As we discussed earlier this week, China is busy establishing bilateral swap lines with many of the world’s central banks so it can bypass the US dollar when conducting international trade. We don’t know what the ramifications of this will be once it’s set in motion, but you would have to expect it would strengthen the yuan against the greenback.

How would this impact on Australia’s economy?

Well, it would probably put an end to the Chinese credit bubble (which makes us wonder how slow China will be in actually instigating these bilateral trade routes) and transfer purchasing power to the Chinese household sector (via a stronger yuan relative to other global currencies). This would make foreign consumer goods cheaper and promote the long-awaited and much talked about rebalancing of the Chinese economy by promoting domestic demand.

Which is all good long term. But as we keep pointing out, such a rebalancing will see China’s economic growth fall sharply for at least a few quarters, and perhaps longer. This won’t be good for Australia and will put pressure on the Australian dollar.

But on the other side of the 20-cent piece, you have a much weaker greenback – assuming China stops trying to support it via the manipulated currency peg – which will provide support for the Aussie.

A sharply slowing China coupled with a higher Aussie dollar would be a double whammy and a nightmare outcome for Australia. It would crush our exports and the trade and current account deficit would widen considerably.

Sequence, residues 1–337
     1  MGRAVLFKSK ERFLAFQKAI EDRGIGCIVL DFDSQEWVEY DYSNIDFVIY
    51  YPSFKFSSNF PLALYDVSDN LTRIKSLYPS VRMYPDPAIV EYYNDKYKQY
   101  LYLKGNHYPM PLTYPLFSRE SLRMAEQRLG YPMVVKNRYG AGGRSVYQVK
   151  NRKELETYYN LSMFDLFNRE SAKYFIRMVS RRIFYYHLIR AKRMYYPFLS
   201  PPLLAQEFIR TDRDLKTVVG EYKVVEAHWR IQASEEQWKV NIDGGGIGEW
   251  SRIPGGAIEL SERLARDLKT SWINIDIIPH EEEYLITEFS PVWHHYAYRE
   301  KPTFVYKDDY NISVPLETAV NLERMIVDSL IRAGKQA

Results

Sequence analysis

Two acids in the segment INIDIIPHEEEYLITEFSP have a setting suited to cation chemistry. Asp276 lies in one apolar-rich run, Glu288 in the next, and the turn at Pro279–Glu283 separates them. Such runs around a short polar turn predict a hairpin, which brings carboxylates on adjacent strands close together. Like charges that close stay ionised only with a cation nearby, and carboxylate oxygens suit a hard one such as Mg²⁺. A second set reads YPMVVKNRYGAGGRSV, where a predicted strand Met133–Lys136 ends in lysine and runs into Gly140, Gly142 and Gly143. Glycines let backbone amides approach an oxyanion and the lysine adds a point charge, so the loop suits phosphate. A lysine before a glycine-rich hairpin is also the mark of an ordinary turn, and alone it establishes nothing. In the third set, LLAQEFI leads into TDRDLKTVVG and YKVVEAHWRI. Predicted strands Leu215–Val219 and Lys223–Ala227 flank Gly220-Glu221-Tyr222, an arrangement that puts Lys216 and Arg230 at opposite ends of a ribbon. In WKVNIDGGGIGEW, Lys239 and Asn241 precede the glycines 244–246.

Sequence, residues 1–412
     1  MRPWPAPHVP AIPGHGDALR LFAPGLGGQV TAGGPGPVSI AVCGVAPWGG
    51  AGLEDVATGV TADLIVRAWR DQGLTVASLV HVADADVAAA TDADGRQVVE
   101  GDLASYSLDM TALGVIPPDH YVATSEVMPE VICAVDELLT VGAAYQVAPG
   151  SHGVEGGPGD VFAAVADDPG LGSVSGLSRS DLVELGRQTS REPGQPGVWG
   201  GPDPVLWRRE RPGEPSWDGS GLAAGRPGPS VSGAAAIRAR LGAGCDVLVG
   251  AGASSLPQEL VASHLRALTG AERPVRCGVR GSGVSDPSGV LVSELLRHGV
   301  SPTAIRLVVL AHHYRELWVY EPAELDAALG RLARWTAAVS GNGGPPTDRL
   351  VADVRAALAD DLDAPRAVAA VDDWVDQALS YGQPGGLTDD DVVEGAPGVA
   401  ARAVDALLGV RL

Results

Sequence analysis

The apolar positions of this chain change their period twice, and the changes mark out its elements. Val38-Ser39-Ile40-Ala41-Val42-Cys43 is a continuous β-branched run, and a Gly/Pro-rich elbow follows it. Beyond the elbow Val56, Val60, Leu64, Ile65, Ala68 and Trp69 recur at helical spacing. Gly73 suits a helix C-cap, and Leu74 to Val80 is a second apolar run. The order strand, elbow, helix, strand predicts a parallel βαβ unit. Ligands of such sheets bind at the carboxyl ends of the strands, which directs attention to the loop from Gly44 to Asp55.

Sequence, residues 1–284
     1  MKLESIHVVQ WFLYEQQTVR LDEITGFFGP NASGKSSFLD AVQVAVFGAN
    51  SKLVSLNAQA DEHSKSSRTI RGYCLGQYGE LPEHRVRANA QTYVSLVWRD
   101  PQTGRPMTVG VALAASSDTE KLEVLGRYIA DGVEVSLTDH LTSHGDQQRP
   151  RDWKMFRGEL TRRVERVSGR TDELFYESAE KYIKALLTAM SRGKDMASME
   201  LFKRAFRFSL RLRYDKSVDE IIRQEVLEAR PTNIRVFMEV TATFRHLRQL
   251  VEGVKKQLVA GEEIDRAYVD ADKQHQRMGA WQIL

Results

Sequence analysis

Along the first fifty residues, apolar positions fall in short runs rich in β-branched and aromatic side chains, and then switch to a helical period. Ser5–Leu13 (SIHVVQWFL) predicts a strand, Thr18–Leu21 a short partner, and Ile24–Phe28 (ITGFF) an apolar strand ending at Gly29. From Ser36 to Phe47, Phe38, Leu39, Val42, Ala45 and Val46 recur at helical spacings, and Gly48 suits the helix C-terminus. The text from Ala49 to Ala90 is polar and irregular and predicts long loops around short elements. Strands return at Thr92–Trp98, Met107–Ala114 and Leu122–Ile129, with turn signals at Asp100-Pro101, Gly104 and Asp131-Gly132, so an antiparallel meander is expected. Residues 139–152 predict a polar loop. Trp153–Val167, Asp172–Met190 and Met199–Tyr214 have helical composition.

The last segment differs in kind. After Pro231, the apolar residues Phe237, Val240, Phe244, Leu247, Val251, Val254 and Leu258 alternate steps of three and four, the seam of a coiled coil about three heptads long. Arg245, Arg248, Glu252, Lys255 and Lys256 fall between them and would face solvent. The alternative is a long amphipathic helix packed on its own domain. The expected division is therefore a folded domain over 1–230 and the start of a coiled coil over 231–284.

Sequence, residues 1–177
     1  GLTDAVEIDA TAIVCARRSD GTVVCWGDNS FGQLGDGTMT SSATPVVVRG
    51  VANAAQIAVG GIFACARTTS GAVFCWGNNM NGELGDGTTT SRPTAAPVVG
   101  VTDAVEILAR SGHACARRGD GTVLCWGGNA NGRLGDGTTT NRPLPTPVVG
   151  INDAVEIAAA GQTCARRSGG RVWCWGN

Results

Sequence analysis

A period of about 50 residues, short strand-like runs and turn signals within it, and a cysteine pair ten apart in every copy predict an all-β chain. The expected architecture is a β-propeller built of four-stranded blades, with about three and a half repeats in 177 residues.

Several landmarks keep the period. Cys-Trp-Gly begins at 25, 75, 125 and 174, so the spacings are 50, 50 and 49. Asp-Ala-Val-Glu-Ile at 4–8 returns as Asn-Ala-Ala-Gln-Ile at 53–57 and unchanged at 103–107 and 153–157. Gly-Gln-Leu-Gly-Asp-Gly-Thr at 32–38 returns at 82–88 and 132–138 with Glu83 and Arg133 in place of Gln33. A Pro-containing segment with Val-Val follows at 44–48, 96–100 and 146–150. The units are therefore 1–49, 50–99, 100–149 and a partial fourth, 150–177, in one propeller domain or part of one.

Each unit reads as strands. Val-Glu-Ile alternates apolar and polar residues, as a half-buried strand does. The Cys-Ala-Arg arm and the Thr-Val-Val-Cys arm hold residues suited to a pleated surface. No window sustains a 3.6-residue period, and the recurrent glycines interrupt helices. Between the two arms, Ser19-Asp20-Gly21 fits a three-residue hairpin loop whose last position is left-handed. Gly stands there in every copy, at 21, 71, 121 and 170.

As the system degenerates, you’ll probably see both outcomes – a weak AND strong Aussie at different times. As a sign of this systemic degeneration, we think you’ll see global capital returning to the core, and the core of the system is US dollars. So a sharp rally in the US dollar just prior to its plunge against real tangible goods (i.e. major inflation) wouldn’t surprise us. Everything will move around wildly.

But nothing would surprise us over the next few years. We’re deep in the rabbit hole and no one really knows what’s going on. All you can really be certain of is that there will be a lot of volatility ahead…especially in the currency markets.

As for Australia, unfortunately we think there’s a high probability that China will run into problems with its Ponzi scheme very soon. As in by the end of the year. A lack of new credit of large enough magnitude to sustain the boom will trigger the problems, rather than a deliberate move to get out of the dollar.

From there is will be interesting to see China’s response in terms of maintaining its artificial peg to the dollar. Jim Rickards would say you’ll see a major escalation in the currency wars if economic growth in China slows markedly…it’s the only large economy in the world exhibiting decent growth.

As for Australia, we’re a mouse on a field of giants. The best we can do is try to keep out of the way. That will be difficult.  We’ll no doubt cop a few kicks as this game winds down.

Regards,

Greg Canavan+
for The Daily Reckoning Australia

Greg Canavan
Greg Canavan is the Managing Editor of The Daily Reckoning and is the foremost authority for retail investors on value investing in Australia. He is a former head of Australasian Research for an Australian asset-management group and has been a regular guest on CNBC, Sky Business’s The Perrett Report and Lateline Business. Greg is also the editor of Crisis & Opportunity, an investment publication designed to help investors profit from companies and stocks that are undervalued on the market. To follow Greg's financial world view more closely you can subscribe to The Daily Reckoning for free here. If you’re already a Daily Reckoning subscriber, then we recommend you also join him on Google+. It's where he shares investment research, commentary and ideas that he can't always fit into his regular Daily Reckoning emails. For more on Greg go here.